Another One Of The World's Largest ICOs Is Collapsing

Last month, we reported that the world’s largest ICO was imploding after just three months as its developers admitted they wouldn’t be able to deliver the tokens purchased during a $230 million July “presale” by the end of the year, as they had promised, causing an understandable furor among its investors.

Now, in the latest sign that the $3 billion ICO market is imploding, Bloomberg report’s that the value of formerly high flying Bancor, the world’s fifth-largest ICO by funds raised, has plunged by more than 50% since the company’s June ICO as investors have become disillusioned with its obscure product.

Bancor attracted big name venture capitalists like Tim Draper this year when it published a white paper proposing to create a kind of decentralized digital currency exchange that would allow holders of the Bancor tokens to exchange them for other digital currencies listed on their market-making platform - a functionality, its creators insisted, that would one day render digital currency exchanges obsolete.

But while it’s founders delivered a compelling pitch, beneath the surface was a product that was, at best, needless complex, and at worst, downright nonsensical.

Of course, the obliqueness of Bancor's plan showcases a common trope in the ICO market whereby companies say they’re “improving” on the “user experience” of a product that most users are already satisfied with - except instead of creating a more streamlined solution, they propose to make it needlessly more complex by involving “decentralized” systems and monetizable tokens.

The result is a soup of hypertechnical gibberish, and a use-case that, tellingly, only the people building the product seem to understand. For many investors, that should trigger nightmarish flashbacks to synthetic CDOs (which are themselves experiencing something of a renaissance led by Citigroup) and other arcane credit derivatives that helped crash the economy and market in 2008.

Cornell professor Emin Gun Sirer, in a takedown of Bancor published shortly after the ICO, validated this view, arguing that Bancor’s formula is less efficient than simply making the market manually, Sirer says. And they say the technology could also be vulnerable to front running, where people make money off of the visibility of others’ transactions.

Here’s Bancor’s explanation of its functionality from its white paper:

Abstract: The Bancor Protocol enables the creation of networks of smart contract-based “Smart Token.” Smart Token hold balances of one or more other tokens--“Connectors”--and have a builtin autonomous conversion mechanism that allows any party to instantly purchase or sell the Smart Toke for one of its Connectors, directly through the Smart Toke contract, at a price calculated by a formula which balances buy and sell volumes.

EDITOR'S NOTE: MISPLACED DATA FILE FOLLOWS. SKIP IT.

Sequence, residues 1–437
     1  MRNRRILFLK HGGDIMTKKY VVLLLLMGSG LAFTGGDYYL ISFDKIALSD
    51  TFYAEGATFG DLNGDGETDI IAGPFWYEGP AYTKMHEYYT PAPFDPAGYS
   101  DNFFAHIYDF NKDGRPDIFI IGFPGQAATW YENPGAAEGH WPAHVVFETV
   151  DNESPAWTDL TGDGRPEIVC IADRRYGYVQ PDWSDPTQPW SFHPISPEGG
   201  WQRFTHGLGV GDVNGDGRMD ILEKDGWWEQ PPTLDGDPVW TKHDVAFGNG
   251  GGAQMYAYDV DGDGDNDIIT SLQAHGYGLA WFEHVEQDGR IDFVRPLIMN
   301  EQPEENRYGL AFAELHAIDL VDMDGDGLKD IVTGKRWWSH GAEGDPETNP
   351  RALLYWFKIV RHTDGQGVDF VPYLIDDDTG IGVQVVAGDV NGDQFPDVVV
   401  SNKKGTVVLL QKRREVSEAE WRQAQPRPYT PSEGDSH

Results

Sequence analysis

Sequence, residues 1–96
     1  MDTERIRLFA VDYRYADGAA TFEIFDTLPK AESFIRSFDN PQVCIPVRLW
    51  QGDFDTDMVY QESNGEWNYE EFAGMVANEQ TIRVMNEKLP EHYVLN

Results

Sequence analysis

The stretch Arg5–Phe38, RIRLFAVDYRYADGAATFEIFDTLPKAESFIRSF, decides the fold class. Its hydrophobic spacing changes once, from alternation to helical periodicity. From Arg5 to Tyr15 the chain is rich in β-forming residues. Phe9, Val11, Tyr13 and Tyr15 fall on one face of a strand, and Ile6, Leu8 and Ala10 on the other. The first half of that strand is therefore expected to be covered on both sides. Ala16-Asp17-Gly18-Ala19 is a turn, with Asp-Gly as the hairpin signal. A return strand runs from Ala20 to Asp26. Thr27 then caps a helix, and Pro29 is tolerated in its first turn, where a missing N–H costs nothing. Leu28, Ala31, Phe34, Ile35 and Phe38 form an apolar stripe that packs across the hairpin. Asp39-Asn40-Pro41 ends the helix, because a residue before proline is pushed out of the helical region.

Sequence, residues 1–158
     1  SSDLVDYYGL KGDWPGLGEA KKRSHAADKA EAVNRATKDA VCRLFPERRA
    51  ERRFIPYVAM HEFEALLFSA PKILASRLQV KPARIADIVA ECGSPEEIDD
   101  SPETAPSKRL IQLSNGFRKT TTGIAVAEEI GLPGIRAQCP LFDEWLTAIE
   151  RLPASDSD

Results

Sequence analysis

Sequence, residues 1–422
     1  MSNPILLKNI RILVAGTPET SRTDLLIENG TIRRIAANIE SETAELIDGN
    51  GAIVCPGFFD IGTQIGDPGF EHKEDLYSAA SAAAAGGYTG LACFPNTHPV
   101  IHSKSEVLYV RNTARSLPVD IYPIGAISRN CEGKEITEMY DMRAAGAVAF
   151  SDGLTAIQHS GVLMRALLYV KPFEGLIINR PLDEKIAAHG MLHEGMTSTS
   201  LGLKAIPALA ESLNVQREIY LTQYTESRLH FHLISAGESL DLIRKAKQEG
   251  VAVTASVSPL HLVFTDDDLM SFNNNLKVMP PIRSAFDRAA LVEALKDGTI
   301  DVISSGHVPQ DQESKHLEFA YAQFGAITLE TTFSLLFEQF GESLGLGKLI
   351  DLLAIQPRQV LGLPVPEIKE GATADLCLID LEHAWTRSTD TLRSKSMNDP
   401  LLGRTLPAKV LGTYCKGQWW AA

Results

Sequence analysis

Bancor believes that Smart Token can address the challenge of liquidity  faced by conventional tokens, cryptocurrencies, and community currencies on three levels. First, and most fundamentally, by being autonomously convertible for their Connectors, and with an unconstrained supply that grows in response to purchases, each individual Smart Token has built-in liquidity that does not depend on counterparties or exchanges. Second, Bancor has developed specialized Smart Token that enable inter-convertibility between any two other Smart Token or, with an added step, between any Smart Token and any conventional Ethereum network token. Third, Bancor’s ultimate vision is that users will create their own tokens and community currencies in the form of Smart Tokens™ that hold a common Connector, enabling any Smart Token™ in the network to be converted into any other. Bancor’s own Smart Token, BNT, is the common Connector in the first such network, which we call the Bancor Network.

And here's Bloomberg's translation.

Bancor protocol enables anyone to create a new type of digital coin called a Smart Token, which can hold and trade other tokens. This allows the Smart Token contract to serve as its own market maker, automatically providing so-called price discovery, and liquidity to other coins. So effectively, Bancor has created an exchange that will automatically price and trade any cryptocurrency that wants to list with it, as well as a token. The company says it will always have enough liquidity to make the market because the currencies have to build a reserve in Bancor tokens.